In Steadfast Manufacturing & Storage Limited v HMRC TC7770, HMRC were unsuccessful in attempting to disallow the costs of resurfacing a yard as capital. The First Tier Tribunal (FTT) found there was no improvement and allowed the costs as a revenue deduction for repairs.

  • The company spent approximately £74,000 resurfacing its lorry park. In the past, it had simply resurfaced using gravel.
  • HMRC disallowed the costs as capital, arguing that:
    • The extent and permanence of the works completed were such that they created an enduring advantage upon preserving part of the fixed capital of the business, being essential to enable the trade to continue and so should be considered to be capital.
    • In the alternative, the works amounted to an improvement of the yard.

The FTT found that:

  • There was no improvement in the yard compared to its original condition. The works only returned the yard to its previous standard.
  • There was no increase in the useable area compared to the original.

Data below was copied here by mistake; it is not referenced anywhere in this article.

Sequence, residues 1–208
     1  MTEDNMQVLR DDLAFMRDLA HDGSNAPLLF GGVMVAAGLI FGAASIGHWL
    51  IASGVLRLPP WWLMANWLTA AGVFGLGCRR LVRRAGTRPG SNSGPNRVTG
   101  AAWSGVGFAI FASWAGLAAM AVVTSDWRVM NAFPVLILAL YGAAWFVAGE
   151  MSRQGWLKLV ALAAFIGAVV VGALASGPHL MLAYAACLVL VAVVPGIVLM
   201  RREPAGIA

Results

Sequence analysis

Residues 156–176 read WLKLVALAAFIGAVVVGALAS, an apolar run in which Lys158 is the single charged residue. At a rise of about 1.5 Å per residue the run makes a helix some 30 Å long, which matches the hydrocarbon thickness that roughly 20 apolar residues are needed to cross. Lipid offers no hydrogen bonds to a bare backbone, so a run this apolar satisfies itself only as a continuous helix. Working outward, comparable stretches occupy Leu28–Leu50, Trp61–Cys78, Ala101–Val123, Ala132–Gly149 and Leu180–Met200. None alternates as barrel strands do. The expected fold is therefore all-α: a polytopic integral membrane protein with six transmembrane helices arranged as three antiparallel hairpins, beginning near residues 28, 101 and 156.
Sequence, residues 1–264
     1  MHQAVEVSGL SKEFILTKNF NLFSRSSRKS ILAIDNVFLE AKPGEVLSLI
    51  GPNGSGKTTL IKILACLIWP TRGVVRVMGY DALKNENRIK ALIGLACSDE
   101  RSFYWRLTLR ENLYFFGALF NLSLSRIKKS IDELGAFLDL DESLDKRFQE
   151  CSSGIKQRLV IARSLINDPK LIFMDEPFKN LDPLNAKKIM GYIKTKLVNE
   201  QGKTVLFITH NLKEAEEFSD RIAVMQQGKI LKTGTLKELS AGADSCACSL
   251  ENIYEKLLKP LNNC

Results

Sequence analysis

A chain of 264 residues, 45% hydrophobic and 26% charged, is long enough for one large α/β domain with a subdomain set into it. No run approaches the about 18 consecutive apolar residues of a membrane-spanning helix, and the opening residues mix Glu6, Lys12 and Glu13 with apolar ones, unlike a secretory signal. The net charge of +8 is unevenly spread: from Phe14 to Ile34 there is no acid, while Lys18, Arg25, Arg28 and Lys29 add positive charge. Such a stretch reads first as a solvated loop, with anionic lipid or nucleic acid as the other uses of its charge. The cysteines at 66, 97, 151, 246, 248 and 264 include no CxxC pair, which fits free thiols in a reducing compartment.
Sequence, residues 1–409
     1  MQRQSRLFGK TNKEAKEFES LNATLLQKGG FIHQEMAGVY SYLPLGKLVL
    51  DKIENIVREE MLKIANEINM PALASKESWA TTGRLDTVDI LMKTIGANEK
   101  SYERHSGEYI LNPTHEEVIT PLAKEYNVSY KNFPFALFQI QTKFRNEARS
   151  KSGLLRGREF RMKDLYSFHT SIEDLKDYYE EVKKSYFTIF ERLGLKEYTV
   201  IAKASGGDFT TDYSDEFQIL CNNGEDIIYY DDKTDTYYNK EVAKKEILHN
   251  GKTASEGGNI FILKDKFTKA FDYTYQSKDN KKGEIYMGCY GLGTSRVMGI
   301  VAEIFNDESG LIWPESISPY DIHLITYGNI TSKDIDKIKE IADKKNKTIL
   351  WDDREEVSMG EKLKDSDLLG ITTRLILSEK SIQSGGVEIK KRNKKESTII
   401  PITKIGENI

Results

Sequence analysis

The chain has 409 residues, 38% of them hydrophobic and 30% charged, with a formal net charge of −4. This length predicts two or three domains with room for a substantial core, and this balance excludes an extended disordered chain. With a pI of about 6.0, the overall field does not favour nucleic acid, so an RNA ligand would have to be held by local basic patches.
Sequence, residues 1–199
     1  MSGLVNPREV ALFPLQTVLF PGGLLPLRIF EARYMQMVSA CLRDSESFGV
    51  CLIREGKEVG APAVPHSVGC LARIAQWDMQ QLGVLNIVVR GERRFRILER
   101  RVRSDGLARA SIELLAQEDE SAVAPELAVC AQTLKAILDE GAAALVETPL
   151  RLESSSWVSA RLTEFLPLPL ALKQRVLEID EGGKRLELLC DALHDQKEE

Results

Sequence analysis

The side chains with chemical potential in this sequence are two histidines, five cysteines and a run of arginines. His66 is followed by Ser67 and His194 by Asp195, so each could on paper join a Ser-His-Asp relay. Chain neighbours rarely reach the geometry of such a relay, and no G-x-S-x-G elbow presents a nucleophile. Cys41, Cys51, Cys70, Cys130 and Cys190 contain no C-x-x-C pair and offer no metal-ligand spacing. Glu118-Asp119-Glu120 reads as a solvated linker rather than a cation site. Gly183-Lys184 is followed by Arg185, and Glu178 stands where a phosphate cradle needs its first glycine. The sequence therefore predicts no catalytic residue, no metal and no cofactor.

• There also was no evidence of any increase in the load-bearing capacity of the yard.
  • An additional drainage channel was a minor addition to the works and there was no evidence that it made a substantial difference to the yard or the factory.

HMRC's reviewing officer noted in his review conclusion letter that, “I do not think, on the balance of probabilities, that the new surface does anything more than the previous surface did, except so far as it may not require repairs as often as before”.

The judge said that the reduced need for repairs does not of itself make the expenditure capital. In this case, it would be an inevitable result of repairing the yard properly, rather than in patches. In order to be capital, the reduced need for repairs would have to result from the bringing into existence of something new that had an enduring benefit to the business.

Comment

A novel line of argument from HMRC in that carrying out decent repairs will create an 'enduring advantage' for the taxpayer. The judge found that this is not supported by any case law. HMRC have not got a good track record when it comes to resurfacing, as the decisions in Hopegear Properties, Cairnsmill Caravan Park and G Pratt & Sons etc reveal (see Repairs & Renewals, subscriber guide)

Links

Repairs & renewals
What expenses can you claim for tax? In what situations are repairs disallowed and treated as capital expenditure?

Plant & machinery
What expenditure qualifies for capital allowances?

Fixtures and integral features
What are the rules for property repairs and renewals?

External links

Steadfast Manufactuing & Storage Limited v HMRC TC7770

 

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